He is a political rookie and, audaciously, he is eyeing the post of Johannesburg mayor. Herman Mashaba doesn't need the R1.2-million pay cheque that comes with running the country's economic hub.
He has enough of that thanks to an empire built on the back of Black Like Me, a haircare range that turned him into a household name.
But can the 56-year-old, who has been put forward as the DA's mayoral candidate, unseat ANC heavyweight Parks Tau to claim the city for the opposition?
Can he capture voters in Bruma or Eldorado Park - or on East Avenue, Atholl, the wealthy northern suburb enclave where he has lived for the past 20 years?
More importantly, does Mashaba have what it takes to strike a chord with millions of residents of Soweto, Diepsloot or Alexandra?
Easy, he declares. "I'm a civil servant and not a politician ... the people who were voted in have proved that they are not working for the masses, they are working for themselves," says Mashaba in a general reference to public concerns about corruption.
But his foray into politics has had a bumpy start, with controversial comments about BEE.
"A commissioner of oaths has to confirm that I am black? That's all I was saying. Why do I have to prove that I'm black? This was taken out of context."
For now, Mashaba is wildly confident about his chances to clinch the mayoral role in the upcoming local government elections.
His early campaign mantra covers, well, kind of everything: job creation, a happier civil service in the city, tackling crime and drugs.
He even has an ambitious plan to lure international investors.
"I will go all over the world to look for investors to come to [Johannesburg].
"Let them come and make money. The beauty of it is that they will pay taxes, employ people and we will have a vibrant economy."
He has much time since resigning from his positions on various boards - Connie, his wife of 34 years, has taken over the reins.
The father of two seemed invigorated, even after a long night of pre-election work in nearby Alexandra.
He barely touches breakfast - featuring a spread of fruit and salmon and cottage cheese sarmies.
He is preparing to go to Diepsloot with campaign manager Mike Moriarty, a DA veteran.
''Mike is proving to be an invaluable asset to me, providing DA political guidance and support," says Mashaba.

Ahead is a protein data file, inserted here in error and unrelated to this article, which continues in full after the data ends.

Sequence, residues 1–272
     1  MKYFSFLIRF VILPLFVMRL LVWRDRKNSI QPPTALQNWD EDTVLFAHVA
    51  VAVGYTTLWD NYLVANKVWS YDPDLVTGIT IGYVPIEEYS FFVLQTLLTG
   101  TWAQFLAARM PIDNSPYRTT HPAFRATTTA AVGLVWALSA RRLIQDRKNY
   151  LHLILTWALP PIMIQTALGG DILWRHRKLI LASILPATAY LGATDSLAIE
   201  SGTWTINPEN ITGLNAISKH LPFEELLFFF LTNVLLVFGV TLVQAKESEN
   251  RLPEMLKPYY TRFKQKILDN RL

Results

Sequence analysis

Connie, quiet but active in the background, says politics is unfamiliar terrain to this family. When Mashaba announced he was joining the DA, she knew something was about to change.
"As a family we support him - but we didn't sign up for politics. He's pulled all of us into this ... but we have to do what is right for all South Africans," says Connie.
She is quick to point out that her only involvement in politics dates back to around the '90s, when she volunteered at voter registration stations for the ANC.
Similarly, Mashaba admits he has no "struggle" credentials.
Most of his early years were spent building his business empire that now boasts interests in haircare, property and mining, among others.
His children, 21-year-old Khensani and 18-year-old Rhulani, are also batting for him.
Khensani, a graduate of the AAA School of Advertising, says that the minute her father announced his DA membership, she knew there was more to it.
She is off to study marketing at Carthage College in Wisconsin later this year.
Even though his name was first touted as the party's mayoral candidate in October, Mashaba said he made himself available after President Jacob Zuma's controversial axing of Nhlanhla Nene as finance minister in December.
That moment, he says, changed his life because he worried about the impact of the president's decision on the economy.
"I'm afraid that I've already taken a decision as a South African that I'm not going to sit in Zuma's bus as the driver is about to collapse - to sit back and watch when I have a chance to stop it."
His first change in office would be to improve morale among civil servants. By looking after them, he believes, he would get more out of them.
For now, he is running between meetings, getting in touch with communities and seeing the "devastating circumstances our people live in".
As Mashaba kisses his wife and daughter goodbye before heading out the door, Connie jokes : ''I thought I'd be playing golf."